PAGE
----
British Columbia

Surrey council votes to capture peacocks, peahens that have run a-fowl of residents

The City of Surrey will be taking a more forceful approach with a group of peafowl that have multiplied over the last decade in a neighbourhood.

Around 100 birds will be relocated to Surrey Animal Resource Centre; fines for those caught feeding them

A peacock pecks at an upstairs window along 150 Street in Surrey, B.C. in May 2018. (Rafferty Baker/CBC)

The City of Surrey will be taking a more forceful approach with a group of wild peafowl that have multiplied in one particular neighbourhood over the last decade. 

Council unanimously passed a motion that will see staff gradually remove the peacocks and peahens that live in the Sullivan Heights area, and transfer them to the Surrey Animal Resource Centre.

Bylaw officers will remove both eggs and peafowl found in public areas. Traps will be provided to owners upon request, and anyone found illegally harbouring them will be fined up to $450.

At the same time, the city says it will emphasize a staged approach, beginning with signs and education about the plan. A certified biologist will be retained to ensure the captures are conducted ethically. 

A group of peafowl were left behind by an owner who left the neighbourhood around 2006. The group has now grown to a population of around 100, causing conflict in the area.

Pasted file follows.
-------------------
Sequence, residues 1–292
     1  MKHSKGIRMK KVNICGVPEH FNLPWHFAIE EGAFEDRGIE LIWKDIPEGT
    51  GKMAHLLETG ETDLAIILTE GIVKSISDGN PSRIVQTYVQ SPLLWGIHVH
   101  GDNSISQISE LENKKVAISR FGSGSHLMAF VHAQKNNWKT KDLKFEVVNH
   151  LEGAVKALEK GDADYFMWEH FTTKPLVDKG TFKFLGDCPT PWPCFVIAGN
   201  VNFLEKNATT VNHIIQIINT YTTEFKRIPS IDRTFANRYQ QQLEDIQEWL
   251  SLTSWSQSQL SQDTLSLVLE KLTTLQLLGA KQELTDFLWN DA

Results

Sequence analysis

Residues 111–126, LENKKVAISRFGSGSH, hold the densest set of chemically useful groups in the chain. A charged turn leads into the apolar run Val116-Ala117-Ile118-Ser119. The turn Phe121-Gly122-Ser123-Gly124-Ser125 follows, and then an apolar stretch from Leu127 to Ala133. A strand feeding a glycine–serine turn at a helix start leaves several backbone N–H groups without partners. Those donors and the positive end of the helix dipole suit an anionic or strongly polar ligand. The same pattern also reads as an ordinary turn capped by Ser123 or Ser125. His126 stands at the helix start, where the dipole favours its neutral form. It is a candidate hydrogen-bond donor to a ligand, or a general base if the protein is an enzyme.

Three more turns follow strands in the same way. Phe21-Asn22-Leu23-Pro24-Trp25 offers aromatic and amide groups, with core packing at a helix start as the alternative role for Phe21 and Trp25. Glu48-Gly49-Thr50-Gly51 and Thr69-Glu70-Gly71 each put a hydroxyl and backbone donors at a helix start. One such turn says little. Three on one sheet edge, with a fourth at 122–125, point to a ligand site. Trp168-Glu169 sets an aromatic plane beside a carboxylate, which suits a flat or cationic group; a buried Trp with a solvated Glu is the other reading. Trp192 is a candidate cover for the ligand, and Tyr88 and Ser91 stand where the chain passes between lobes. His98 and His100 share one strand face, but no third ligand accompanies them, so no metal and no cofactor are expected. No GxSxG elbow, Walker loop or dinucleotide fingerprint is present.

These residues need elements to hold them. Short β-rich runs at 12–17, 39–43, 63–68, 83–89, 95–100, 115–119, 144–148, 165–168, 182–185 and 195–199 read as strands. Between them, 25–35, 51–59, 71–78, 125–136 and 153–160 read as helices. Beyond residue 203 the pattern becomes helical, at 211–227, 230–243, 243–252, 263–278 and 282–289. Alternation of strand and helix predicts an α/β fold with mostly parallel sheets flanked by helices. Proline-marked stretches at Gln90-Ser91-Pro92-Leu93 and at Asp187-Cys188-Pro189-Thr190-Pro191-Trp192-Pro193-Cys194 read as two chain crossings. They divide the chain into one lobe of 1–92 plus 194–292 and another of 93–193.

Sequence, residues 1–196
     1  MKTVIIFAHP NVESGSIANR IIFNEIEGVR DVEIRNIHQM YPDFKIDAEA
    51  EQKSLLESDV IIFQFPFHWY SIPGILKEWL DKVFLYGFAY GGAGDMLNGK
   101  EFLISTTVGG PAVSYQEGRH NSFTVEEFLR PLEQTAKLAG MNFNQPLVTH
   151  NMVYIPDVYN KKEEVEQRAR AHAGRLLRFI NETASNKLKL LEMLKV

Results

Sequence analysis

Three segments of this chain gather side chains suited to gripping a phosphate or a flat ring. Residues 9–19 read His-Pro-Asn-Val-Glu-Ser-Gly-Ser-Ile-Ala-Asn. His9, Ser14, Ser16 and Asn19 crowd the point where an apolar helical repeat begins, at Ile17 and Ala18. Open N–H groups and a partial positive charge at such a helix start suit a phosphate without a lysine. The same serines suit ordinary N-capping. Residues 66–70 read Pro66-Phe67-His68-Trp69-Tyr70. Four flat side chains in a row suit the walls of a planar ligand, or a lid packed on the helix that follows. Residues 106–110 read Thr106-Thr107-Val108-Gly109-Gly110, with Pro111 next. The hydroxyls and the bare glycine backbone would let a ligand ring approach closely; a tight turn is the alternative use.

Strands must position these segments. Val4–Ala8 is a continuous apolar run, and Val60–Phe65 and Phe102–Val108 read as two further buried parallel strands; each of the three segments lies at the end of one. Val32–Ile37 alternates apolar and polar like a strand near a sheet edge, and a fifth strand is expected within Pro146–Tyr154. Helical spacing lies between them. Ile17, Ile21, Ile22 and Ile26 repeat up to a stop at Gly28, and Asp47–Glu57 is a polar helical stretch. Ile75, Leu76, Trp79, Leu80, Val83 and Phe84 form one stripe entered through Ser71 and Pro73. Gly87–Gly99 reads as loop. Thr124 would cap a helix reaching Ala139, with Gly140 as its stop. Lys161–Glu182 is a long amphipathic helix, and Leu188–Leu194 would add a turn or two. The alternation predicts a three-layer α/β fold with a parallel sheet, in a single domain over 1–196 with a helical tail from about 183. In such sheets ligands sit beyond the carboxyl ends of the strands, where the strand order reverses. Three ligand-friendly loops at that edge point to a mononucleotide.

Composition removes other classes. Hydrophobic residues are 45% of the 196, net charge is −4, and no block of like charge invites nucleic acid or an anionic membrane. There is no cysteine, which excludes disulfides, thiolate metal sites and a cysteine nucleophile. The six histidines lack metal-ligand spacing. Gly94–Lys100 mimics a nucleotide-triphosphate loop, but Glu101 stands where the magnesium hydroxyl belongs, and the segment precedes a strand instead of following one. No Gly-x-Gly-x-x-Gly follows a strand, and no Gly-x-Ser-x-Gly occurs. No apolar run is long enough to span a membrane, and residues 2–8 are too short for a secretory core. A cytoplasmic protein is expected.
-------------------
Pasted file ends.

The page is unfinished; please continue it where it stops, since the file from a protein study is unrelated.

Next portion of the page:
"I want to commend bylaw officers for making a plan that seems to be very pragmatic and very humane. Given the society is really divided, it's important we address this with as much compassion as we can," said councillor Vera Lefranc. 

Ryan Cragg is one of the Sullivan Heights residents happy that the city has decided to take action. (Rafferty Baker/CBC)

Split in the neighbourhood

The plan is getting mixed reactions from neighbours.

"We have so many peahens roosting everywhere in the neighbourhood. So this problem is going to increase," said Jatinder Shergill on Monday. "They definitely need to do something about it."

Shergill welcomes the news that residents will be able to set up traps in their yards.

So does Ryan Cragg, one of the local residents who has assumed a leadership role in the anti-peafowl camp.

"Up until now, there was very little — if anything — we could do that would improve our situation," said Cragg, who admits the birds are beautiful, but hates pretty much everything else about them.

But Cindy Cornik wasn't happy when she learned officials are planning to meddle with the population. 

"I felt sad," said Cornik, who's impressed by the regal appearance of the birds. "You see them walking gracefully on the sidewalk, minding their own business. They give out a call; that's nature."

Cornik doesn't support her neighbours who feed the animals, but said she'd like to see Sullivan Heights declared a sanctuary for the birds, saying they're what make the area special.

Lance Smart, who is known as one of the peafowls' most determined defenders, also says that they're just part of nature, and shouldn't be removed. He said a plan to trap them will lead to more drama in the community, and deeper divisions.

"Oh, it'll be big battle, big battle," said Smart. "People will go to their houses, they'll be banging on the door, screaming at them. It's going to be a huge battle. Huge battle."

He said the plan is doomed to fail, since he doesn't think officials will be able to trap all of the peafowl, and the population will return, "unless they put, like, a thousand traps out there."

But councillor Tom Gill, who is running for mayor this October, believes it was a battle with one side more sympathetic than the other.

"When I'm looking at the realities of noise, of excrement, of damaged property … there are neighbours that have been impacted more than others," he said.